In marketing, being able to understand the product is valued now more than ever. How has this changed what is expected of a CMO and the work they do? What seat at the table does the CMO have in the company? How does the evolution of the company define what the CMO has to be able to bring to the table? On this episode, three legendary CMOs, Jennifer Johnson, Janet Matsuda and Deb Wolf take part in an insightful dialogue about their experiences helping brands create and dominate categories, and what it takes to be legendary at the job.
The most important criteria for any CMO to take a job is who is the CEO and do you want to work with them? –Jennifer Johnson
3 Things We Learned
We’ve ushered in an era where data and detail-oriented CMOs are as necessary as the creative “big idea” CMO
There’s a new kind of CMO today, one that has more of a product strategy background, and they deal a lot more with analytics and data. A lot of companies still want the creative type but you can’t ignore the data. This change also means existing CMOs have to be able to carry both skill sets. You can’t ignore the data but you also have to be able to find the emotional hook that’s going to get people.
The biggest problem in business today is too many solutions without a problem
Many marketers spend so much time focusing on the solution that they spend very little time and effort focusing on the problem. It then forces other people to figure out a solution. Without clarity around the issue, positioning yourself and designing a category is an uphill climb. If you don’t get crisp on the problem you’re solving, nothing else is going to matter.
Go where your work is appreciated
If you’re in an organization that’s not friendly to women, or doesn’t gel with you, find a different job. Don’t try to fix that organization by yourself, unless you’re really in a position of power. Go somewhere you’re more more appreciated. In the same way, if a company doesn’t appreciate your skill set, go somewhere else. There are so many great places to work that will have such an appreciation for what you can do – go and work there.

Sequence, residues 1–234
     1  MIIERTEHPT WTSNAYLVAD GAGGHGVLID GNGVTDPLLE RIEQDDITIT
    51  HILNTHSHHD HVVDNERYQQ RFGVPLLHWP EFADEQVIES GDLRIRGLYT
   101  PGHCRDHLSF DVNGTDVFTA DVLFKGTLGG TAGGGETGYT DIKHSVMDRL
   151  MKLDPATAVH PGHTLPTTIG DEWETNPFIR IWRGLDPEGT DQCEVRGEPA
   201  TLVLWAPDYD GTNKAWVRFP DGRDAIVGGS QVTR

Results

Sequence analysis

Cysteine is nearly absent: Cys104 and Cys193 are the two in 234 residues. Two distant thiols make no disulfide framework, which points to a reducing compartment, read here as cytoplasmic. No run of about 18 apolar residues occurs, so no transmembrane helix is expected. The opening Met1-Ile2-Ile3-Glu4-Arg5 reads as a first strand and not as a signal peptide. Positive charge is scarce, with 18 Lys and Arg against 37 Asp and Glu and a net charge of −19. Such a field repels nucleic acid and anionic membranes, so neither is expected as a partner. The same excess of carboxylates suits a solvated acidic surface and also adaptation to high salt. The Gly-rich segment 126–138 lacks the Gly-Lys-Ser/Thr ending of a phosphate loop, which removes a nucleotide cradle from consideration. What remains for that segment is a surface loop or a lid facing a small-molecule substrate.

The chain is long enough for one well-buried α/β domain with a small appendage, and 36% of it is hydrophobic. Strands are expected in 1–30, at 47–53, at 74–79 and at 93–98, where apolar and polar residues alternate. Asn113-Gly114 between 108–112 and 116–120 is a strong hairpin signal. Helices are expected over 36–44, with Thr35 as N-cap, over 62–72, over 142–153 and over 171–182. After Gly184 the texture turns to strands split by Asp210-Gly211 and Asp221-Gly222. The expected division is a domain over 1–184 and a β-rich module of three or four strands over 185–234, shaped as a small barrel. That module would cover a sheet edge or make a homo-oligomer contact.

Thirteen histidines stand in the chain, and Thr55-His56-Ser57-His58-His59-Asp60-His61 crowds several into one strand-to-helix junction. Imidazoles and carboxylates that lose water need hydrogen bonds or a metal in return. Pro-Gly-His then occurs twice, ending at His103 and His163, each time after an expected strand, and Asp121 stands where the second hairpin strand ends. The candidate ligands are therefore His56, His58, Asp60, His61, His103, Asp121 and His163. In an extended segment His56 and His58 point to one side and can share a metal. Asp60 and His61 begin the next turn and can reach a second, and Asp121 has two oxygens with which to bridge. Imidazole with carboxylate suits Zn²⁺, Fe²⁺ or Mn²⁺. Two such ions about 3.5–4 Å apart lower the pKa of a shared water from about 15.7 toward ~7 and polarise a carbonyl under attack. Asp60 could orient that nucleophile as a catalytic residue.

The CMO has to build connections and bridges across the company, because it’s all about interacting with each other to get the best out of the people and the company. For the CMO, every relationship is important, but the buck stops with the CEO. The CEO should determine whether you decide to join a company or not because that relationship will have the biggest impact on your role. Every executive should be interviewing the company they’re going into, as much as the company is interviewing them. The CMO determines the strategy for going to market, but the most strategic thing they can do is design a category in such a way that the market comes to them. To achieve this, you have to start with the category and the messaging. Your positioning and category will help drive everything and define your priorities.
Janet Matsuda is the SVP of Product Marketing at Palo Alto Networks.
Deb Wolf is CMO of Lookout, responsible for building awareness, communicating Lookout’s value and driving customer demand across all lines of business.
Jennifer Johnson (JJ) is the first ever CMO for Tenable. JJ has experience in bringing innovation and creativity to company branding and stands behind the philosophy that category design is an essential skill for any CMO out there.